Scatter my ashes here...

Scatter my ashes here...
scatter my ashes in the desert...

Thursday, May 23, 2013


Today I spent most of the day in the woman cave, working on my application to the UNC gerontology program. It's not a degree, it's a 12 credit certificate that I can take online.

Applying consists of the usual hoop-jumping exercises of higher ed, like writing essays on "why did you choose gerontology" and chasing down every institution you've ever attended for transcripts, and so on. I'm looking to enroll in the gerontology certificate program which is a graduate-level program of just 4 classes, which I will take one at a time due to the cost. I can also get reimbursed fully by my employer if I take just one class at a time. I can't believe it costs $1500 to take one 3 credit class. And that's in-state tuition.

Do I still sound jaded? Totally burned out? Frustrated? Yes. Sometimes, taking another deep breath is the hardest effort of all.

It occurred to me today that perhaps the reason I have been a whirling dervish these past 2 months is that I haven't been running and training. Between the taper and the recovery, I've about lost my mind.

After I felt like my butt was melting into the chair, I decided I had to get out and run, at least do something, just to get the blood flowing. I went out to do a 3 mile loop through the neighborhood and a few blocks from my house I ran into one of my neighbors, for the second time in a week. I hardly know her, and despite living just 2 blocks apart, we never see each other.

When I saw her last week, I was running the dogs and she was walking. I stopped to talk to her, and I noticed a gauze and tegaderm dressing on her chest, peeking out from under her shirt neckline. She had a port placed in her chest. She was just diagnosed with two different, unrelated types of cancer and is about to begin treatment next week. When we last talked, she told me all about it and wasn't sure where she'd be receiving treatment yet, it won't be where I work. But as we talked I told her about different resources available to her. After we went our separate ways it occurred to me that I should have given her my contact information. I didn't know her last name, either, and I wasn't sure which house she lived in.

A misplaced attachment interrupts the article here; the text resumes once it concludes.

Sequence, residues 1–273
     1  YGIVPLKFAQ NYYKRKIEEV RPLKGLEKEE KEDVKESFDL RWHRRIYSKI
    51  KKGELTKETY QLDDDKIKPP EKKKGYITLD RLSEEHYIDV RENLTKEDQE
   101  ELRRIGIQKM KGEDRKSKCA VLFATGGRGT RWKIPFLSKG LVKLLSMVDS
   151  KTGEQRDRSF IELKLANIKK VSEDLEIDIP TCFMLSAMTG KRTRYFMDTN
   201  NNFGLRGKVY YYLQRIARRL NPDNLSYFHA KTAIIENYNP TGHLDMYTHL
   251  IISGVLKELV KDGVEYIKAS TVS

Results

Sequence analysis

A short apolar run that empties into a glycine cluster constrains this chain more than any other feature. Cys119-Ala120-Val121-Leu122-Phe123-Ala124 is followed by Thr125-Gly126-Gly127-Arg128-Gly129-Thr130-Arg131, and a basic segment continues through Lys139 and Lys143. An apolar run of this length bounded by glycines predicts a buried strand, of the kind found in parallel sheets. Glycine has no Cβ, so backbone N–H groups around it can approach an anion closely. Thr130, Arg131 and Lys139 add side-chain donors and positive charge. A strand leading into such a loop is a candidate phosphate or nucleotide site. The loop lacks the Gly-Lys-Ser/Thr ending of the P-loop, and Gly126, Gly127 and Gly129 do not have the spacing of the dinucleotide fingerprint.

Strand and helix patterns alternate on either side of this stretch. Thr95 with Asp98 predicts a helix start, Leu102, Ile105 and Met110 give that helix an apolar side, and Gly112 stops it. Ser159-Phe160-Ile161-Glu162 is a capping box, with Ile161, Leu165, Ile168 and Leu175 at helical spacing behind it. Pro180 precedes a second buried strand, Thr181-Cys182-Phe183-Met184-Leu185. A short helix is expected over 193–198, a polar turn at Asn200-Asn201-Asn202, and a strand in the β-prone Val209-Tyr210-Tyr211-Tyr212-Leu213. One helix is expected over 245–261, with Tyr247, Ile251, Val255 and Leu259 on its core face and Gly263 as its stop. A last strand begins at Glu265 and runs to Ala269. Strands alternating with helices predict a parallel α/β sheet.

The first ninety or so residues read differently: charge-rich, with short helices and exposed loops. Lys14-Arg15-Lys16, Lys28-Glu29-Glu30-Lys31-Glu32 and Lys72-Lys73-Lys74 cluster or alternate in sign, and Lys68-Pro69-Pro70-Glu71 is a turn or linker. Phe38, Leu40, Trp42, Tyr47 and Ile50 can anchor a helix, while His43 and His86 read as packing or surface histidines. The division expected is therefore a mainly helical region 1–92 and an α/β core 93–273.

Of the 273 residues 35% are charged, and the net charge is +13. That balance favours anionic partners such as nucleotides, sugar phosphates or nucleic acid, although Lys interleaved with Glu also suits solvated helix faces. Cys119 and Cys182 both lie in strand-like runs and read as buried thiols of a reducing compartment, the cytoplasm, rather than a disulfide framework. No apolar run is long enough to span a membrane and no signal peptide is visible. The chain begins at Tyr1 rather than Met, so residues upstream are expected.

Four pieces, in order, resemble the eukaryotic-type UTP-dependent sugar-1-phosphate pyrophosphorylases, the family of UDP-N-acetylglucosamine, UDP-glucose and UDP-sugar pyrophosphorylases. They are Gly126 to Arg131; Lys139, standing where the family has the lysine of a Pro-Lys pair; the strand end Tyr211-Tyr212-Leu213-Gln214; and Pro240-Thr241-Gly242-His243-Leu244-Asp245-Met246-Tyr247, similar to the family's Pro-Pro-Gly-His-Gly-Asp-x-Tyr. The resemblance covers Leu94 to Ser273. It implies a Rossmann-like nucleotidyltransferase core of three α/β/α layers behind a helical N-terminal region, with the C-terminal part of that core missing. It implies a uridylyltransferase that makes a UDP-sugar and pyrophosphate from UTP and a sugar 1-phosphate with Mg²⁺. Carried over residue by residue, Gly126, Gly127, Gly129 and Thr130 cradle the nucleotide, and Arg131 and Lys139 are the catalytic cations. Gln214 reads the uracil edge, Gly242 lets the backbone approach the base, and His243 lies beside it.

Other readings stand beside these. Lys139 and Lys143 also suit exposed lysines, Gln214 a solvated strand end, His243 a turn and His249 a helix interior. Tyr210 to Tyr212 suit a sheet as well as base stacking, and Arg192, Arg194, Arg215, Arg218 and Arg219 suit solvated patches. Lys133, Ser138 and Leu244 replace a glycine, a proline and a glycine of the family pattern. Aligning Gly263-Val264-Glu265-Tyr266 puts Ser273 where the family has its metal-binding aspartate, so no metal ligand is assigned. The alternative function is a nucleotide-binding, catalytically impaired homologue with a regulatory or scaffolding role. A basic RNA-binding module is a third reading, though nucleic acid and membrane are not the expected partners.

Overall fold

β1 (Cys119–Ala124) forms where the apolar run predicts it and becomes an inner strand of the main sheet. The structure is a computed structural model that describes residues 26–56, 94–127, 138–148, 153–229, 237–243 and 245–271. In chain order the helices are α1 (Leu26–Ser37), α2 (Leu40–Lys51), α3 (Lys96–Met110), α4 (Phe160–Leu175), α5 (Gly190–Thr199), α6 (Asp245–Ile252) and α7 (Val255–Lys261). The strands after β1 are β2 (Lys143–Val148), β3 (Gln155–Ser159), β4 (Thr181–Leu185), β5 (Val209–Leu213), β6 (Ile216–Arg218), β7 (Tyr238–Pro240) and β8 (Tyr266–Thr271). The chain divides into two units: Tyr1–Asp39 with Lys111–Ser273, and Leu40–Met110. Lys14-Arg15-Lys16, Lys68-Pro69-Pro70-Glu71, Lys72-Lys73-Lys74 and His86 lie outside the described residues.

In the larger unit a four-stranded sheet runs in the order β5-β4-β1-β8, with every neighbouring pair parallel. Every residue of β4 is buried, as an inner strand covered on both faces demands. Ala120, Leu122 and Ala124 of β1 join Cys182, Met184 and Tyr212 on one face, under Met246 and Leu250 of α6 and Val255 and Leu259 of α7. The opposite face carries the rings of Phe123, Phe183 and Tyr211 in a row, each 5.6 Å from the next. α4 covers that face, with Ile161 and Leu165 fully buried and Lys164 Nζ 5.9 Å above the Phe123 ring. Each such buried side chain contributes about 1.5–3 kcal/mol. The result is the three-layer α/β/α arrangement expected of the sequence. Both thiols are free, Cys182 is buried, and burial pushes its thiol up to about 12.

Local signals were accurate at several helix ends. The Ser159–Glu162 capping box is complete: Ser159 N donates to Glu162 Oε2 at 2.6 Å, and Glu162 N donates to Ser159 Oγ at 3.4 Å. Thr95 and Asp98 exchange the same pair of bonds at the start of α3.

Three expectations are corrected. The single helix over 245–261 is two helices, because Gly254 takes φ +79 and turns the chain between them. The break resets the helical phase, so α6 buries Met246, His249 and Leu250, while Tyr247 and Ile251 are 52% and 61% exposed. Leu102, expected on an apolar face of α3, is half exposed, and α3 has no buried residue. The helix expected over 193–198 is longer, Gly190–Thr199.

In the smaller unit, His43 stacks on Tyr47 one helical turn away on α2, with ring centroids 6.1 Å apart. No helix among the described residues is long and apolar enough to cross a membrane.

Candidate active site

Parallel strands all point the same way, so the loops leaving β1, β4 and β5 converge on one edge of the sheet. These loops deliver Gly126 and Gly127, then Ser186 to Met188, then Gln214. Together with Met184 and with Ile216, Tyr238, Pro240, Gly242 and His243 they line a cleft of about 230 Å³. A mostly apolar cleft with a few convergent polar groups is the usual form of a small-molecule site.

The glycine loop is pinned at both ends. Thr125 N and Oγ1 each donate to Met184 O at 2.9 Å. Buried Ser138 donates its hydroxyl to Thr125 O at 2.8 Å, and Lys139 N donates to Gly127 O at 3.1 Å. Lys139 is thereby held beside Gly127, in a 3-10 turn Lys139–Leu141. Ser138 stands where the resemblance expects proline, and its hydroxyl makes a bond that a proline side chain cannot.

So today when I saw her out walking, I stopped again, I gave her my phone number and e-mail, and we talked more about what she's going to start next week, and I'm sending her some information that she asked about. It's not going to be easy, but she should do well. Hopefully a year from now she will have moved beyond all of this and will have her life back in a different, but full gear. It won't be the same, ever, she will be changed by the experience. But she is fortunate because it was caught early and the prognosis is about as good as you can have with cancer.

I knew there was a reason why I didn't get out the door until just that moment at 4:30 pm, at a time when I rarely go out to start running.

It's hard to stay focused sometimes on the true meaning and value of what I do when there are so many distractions. I've been way off center, ungrounded and lost in those distractions. Today, at least, I came back to earth. It's important to do that, for the sake of other creatures out there.


mike_hinterberg said...

Only tangentially related, but someone once told me of a geriatric psychiatrist friend who suggest that all personalities converge to one of two possibilities: the crusty, negative old-person type with nothing good to say about anyone that thinks the world is going downhill; and the sweet optimist that accepts and enjoys life. Whether that's oversimplified or not, I occasionally think about it, and I can't help but think that part of it is associated (not sure about the direction of cause-and-effect) with how and where our elderly spend their last years.


On an earlier previous post: as a researcher and software engineer, I'm all for increased utilization of EMR's, standardization, sharing, "meaningful use," and catching up to 1990's technology. But the typical implementation and resources involved -- having a software switchover being a critical path for ALL STAFF (and, effectively, patients) for weeks or months -- is insane and unsustainable. But it's how everyone does it.

Alene Gone Bad said...

Mike, I think the most interesting, and mentally healthy older people I meet in my profession are the ones who have maintained a healthy skepticism and can look at the silly things in life as just what they are- silly- yet they continue to have a positive outlook, accepts that all the silly things are really just dead weight and the real, important things are happiness and quality of life. And re: EMR implementation, yes it IS insane. It will be nice when it's done and all we have to do is learn on the job. That's really the best way to do it- just jump in. All the other hype is what makes it a headache for the majority of the staff.